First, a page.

In the beginning of this paper, when discussing grammatical structure, it was pointed out that it was obvious that this phrase was very important. As an Appendix A to this paper, all eighty-eight references for "in that day" have been listed. In Christian love, this student dares any other Christian to sit and read these verses one after the other. If you do not think you can read them all, at least read the ones from Zechariah and the Gospels. You will certainly be blessed.

What does the phrase mean? Without going into a whole lot of detail in this paper, most of them are speaking about the Second Coming of Christ.

VI. Research of Difficult Terms, Phrases, or Concepts in the Verse.

At an earlier point in this paper word studies were done on three words instead of two as assigned. One reason for this seemingly extra work was because two of the words (sin and impurity) were so closely related that they could have been treated as one word study. The second reason for studying both was because, if they are so closely related in meaning, why did Zechariah use both instead of just one?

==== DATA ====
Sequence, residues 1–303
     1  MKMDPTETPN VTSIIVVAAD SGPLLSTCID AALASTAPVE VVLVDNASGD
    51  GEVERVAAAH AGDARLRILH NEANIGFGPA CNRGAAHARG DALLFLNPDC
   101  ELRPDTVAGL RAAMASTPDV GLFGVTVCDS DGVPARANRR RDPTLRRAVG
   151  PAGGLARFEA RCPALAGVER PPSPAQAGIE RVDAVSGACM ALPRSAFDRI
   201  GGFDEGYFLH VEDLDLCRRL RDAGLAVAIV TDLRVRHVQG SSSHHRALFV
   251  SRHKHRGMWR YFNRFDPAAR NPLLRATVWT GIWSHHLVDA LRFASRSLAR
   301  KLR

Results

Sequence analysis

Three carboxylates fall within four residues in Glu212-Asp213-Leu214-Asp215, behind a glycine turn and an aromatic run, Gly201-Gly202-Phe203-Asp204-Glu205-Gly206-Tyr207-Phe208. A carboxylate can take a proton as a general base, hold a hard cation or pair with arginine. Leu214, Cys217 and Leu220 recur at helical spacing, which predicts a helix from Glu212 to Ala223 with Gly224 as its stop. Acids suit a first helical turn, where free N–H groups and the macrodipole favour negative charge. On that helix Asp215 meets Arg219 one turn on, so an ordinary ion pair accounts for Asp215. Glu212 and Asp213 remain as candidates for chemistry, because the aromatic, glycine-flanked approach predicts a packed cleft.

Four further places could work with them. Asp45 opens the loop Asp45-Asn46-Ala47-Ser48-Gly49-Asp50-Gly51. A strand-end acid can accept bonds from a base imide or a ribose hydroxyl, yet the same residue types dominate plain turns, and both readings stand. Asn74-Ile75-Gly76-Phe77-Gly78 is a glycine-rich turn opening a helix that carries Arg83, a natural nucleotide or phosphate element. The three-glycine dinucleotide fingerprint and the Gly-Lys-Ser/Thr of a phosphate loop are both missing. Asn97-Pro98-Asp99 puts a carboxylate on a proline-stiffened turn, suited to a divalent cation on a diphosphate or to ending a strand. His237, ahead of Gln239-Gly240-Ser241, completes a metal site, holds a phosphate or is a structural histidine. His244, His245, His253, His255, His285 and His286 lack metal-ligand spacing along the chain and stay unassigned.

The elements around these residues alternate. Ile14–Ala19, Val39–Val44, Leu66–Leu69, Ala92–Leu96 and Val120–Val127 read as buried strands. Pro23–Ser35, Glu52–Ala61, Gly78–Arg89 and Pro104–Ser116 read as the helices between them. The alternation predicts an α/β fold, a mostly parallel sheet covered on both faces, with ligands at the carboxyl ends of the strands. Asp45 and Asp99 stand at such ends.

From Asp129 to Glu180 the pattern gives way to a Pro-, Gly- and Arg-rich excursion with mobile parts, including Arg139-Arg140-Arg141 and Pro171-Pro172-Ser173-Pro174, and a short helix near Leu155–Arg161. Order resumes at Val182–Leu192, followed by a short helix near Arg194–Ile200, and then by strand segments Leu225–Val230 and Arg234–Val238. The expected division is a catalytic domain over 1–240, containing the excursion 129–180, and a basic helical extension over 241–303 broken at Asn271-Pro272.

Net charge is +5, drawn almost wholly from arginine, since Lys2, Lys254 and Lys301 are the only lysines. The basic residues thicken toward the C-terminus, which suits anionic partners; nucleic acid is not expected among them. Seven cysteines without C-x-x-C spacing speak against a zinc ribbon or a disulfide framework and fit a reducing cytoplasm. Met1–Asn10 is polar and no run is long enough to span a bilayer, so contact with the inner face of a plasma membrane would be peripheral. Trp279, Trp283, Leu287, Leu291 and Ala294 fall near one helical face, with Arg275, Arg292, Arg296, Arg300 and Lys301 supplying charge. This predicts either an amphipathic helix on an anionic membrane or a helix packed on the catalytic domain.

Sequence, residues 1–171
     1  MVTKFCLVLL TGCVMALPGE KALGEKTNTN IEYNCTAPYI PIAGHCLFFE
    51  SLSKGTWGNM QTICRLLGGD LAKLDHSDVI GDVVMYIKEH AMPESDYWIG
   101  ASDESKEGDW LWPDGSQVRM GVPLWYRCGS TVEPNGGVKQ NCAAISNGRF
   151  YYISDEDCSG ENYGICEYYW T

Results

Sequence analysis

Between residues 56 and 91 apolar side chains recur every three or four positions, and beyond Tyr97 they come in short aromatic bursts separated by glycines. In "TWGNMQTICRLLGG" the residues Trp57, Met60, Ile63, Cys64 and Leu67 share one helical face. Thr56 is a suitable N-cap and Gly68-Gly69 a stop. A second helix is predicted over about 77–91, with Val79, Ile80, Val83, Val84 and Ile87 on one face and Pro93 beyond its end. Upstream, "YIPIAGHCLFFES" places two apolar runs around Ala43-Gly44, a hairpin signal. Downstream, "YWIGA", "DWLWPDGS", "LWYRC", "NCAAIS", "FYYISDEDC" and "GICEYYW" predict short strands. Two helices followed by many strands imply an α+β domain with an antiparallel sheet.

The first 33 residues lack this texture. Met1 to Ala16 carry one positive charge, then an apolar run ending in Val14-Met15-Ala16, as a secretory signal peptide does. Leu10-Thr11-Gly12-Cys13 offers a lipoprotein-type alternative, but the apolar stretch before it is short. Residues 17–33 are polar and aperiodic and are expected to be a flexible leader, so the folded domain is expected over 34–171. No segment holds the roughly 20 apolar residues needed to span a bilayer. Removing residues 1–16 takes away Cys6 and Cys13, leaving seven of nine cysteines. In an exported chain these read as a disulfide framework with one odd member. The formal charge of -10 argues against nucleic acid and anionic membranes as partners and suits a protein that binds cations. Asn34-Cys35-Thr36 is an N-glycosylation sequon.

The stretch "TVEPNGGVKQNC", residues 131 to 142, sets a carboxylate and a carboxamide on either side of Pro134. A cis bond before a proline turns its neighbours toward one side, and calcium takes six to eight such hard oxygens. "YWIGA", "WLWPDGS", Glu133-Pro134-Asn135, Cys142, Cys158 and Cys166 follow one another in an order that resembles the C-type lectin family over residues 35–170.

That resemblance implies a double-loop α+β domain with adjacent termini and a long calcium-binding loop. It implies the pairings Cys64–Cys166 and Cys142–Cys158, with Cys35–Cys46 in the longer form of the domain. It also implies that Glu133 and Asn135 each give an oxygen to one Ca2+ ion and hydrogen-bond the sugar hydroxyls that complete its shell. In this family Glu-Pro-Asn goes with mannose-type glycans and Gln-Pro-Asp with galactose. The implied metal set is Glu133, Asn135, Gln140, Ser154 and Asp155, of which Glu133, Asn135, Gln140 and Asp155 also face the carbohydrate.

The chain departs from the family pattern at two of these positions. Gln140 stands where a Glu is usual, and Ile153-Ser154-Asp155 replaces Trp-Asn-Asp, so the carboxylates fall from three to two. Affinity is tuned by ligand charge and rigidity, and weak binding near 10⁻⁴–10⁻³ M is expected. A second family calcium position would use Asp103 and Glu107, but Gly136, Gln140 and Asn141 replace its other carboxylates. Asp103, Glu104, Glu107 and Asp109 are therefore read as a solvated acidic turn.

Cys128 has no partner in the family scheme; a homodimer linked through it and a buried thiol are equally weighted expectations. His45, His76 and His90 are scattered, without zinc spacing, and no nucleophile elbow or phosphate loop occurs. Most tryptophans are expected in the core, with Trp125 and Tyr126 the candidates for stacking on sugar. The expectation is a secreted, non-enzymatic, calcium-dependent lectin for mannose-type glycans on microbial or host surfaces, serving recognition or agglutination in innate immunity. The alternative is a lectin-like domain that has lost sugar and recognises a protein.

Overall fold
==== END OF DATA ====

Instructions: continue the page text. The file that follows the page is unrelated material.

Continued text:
To answer that question one needs to remember (for example) what is said in Revelation. Just before John writes about the new heaven and the new earth in chapter 21, he describes the following in chapter 20:

13 And the sea gave up the dead which were in it, and death and Hades gave up the dead which were in them; and they were judged, every one of them according to their deeds.
14 And death and Hades were thrown into the lake of fire. This is the second death, the lake of fire.
15 And if anyone's name was not found written in the book of life, he was thrown into the lake of fire.

Why does John use "death and Hades" instead of just the word "hell?" Why are they kept separate? The answer is that death is the "hell" for the body and Hades is the "hell" for the soul.

Now look again at the meanings of the words sin and impurity. Sin refers to man's spiritual condition (his soul). Impurity refers to man's physical condition (his body). And the fountain cleanses both permanently, just like the lake of fire engulfs death and Hades permanently. Praise the Lord!

VII. An Interpretive Statement of the Verse.